The following story is composed of true incidents in the lives of several people who lived in the Glass Mountains of Texas for a few marvelous years. To whom I am writing I do not know. Perhaps if I did, my words might be better chosen but since I am in doubt, I shall strive to strike a happy medium and hope that adults, as well as children, may sip the cup of enjoyment as they tour the mountains with me. One may find some parts of my story recorded in the pages of history but not the little personal happenings, for most of them have not been repeated outside our family circle. In the year 1911 a family of four began an adventurous life in the Glass Mountains  of Texas. Arriving there after a long and tiresome trip made by wagon train from Sonora, Texas to a ranch twenty four miles from Marathon, Texas. The trip took some six weeks of hot, dusty traveling, but led us to a life which began anew in a strange world. Not only the household possessions and family came in the procession but the livestock and herders as well. About thirteen hundred head of goats, two wagons, several horses, one cow, a Mexican, one white man and the family made the trip from the low rolling plains of Texas to the mountain heights. I said that a cow made the trip. This was not entirely true. We started with a cow, so as to have fresh milk for the family on the way, but she declined the invitation and refused to walk after a time. We were forced to sell her.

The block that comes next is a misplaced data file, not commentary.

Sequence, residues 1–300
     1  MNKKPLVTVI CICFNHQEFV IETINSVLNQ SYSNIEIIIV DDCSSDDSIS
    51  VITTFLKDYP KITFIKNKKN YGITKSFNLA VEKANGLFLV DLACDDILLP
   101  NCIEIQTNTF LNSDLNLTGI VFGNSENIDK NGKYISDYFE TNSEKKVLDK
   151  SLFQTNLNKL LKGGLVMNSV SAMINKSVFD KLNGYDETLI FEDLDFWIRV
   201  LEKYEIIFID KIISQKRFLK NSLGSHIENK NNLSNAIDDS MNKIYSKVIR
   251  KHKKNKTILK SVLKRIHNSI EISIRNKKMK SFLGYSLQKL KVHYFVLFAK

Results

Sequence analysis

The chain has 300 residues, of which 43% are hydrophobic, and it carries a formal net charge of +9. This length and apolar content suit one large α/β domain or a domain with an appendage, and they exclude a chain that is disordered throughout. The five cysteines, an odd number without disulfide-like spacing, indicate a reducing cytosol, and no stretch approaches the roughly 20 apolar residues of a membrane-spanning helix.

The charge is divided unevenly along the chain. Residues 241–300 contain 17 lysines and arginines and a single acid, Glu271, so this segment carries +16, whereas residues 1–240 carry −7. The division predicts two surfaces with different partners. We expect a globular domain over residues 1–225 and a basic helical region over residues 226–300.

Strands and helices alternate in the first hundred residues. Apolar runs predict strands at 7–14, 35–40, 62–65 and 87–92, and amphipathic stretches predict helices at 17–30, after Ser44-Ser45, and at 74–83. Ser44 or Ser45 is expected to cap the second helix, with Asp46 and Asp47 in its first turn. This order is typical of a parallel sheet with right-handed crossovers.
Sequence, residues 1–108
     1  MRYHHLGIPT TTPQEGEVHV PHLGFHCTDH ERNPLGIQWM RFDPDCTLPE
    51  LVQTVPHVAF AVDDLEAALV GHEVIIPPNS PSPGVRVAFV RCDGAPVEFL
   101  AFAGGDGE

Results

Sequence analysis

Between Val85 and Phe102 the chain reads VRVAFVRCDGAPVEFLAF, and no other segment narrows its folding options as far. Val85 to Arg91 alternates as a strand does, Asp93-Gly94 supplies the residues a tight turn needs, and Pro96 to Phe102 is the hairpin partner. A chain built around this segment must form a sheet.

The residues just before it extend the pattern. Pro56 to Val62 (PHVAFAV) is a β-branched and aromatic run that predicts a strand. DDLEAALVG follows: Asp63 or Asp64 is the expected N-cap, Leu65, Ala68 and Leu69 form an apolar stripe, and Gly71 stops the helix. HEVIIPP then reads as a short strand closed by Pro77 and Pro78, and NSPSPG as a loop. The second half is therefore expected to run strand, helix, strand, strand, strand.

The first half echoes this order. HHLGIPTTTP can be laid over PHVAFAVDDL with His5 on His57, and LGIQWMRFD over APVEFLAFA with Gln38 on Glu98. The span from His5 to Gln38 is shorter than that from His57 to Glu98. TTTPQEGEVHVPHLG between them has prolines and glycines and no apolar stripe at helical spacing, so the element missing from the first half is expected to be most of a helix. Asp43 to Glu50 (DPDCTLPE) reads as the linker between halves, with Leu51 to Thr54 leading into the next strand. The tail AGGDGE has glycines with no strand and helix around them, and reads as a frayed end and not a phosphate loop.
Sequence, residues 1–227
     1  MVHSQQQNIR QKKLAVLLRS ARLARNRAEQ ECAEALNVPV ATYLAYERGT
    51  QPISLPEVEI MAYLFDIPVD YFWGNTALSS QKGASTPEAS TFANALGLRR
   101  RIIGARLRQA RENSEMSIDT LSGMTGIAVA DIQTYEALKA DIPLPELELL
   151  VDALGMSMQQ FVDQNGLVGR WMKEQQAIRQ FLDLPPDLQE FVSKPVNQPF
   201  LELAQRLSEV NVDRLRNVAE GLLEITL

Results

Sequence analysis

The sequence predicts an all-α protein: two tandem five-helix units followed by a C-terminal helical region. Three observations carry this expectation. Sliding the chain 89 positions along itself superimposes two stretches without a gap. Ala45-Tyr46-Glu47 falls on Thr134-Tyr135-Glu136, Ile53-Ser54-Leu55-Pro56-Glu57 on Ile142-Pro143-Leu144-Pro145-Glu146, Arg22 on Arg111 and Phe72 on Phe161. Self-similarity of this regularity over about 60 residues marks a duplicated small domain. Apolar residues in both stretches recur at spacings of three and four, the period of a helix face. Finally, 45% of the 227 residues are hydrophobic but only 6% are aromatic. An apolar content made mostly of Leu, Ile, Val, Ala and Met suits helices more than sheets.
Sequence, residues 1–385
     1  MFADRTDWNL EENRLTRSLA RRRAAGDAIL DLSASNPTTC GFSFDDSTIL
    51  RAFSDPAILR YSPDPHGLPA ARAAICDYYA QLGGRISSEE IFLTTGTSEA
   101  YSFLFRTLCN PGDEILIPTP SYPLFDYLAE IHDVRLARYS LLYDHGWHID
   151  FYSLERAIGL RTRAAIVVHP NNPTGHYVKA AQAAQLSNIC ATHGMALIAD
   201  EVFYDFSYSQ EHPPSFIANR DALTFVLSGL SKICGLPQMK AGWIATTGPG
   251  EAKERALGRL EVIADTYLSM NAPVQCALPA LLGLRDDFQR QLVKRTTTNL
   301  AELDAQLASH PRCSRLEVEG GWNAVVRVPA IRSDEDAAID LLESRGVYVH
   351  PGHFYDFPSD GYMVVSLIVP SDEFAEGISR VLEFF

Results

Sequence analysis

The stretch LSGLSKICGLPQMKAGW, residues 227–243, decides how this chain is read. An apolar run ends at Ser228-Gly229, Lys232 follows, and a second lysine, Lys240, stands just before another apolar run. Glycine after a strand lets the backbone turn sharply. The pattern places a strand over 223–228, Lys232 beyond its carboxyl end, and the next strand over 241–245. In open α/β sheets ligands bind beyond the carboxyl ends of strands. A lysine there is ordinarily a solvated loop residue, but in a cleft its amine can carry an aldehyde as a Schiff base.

We traveled very slowly as the stock had to have time to graze each day. Often we covered few miles and had to find a desirable place to camp before stopping. The stock needed water at least once a day. Sometimes this was an almost impossible task. One night shall long stand out in my memory. We traveled late to get to water and were very tired. On arriving at the camp site my little brother and I ran as fast as our short legs could take us down the bank of the Pecos River  for a refreshing drink. To our horror the water was impossible to swallow. It was salty. It was a terrible sensation, "water, water everywhere but not a drop to drink". The animals walked about bawling and pawing the earth, but to no avail. We were forced to do without water until late the next day.
The hours were long and tiresome as we traveled day after day. I often got out of the wagon and walked a distance to stretch my legs. My little brother could not enjoy such a privilege as he was crippled. Once the Mexican made each of us a stick horse with a head carved of wood. We passed many pleasant hours with our new toys. I was heartbroken when mine was lost from the wagon. At one time we were delayed for several days because we ran into buck eye. Many of the goats became ill and some died as a result of dining upon this poisonous delicacy.
 "GLASS MOUNTAINS," Handbook of Texas Online (http://www.tshaonline.org/handbook/online/articles/rjg06), accessed September 02, 2011. Published by the Texas State Historical Association.
 Delmar J. Hayter, "PECOS RIVER," Handbook of Texas Online (http://www.tshaonline.org/handbook/online/articles/rnp02), accessed September 02, 2011. Published by the Texas State Historical Association.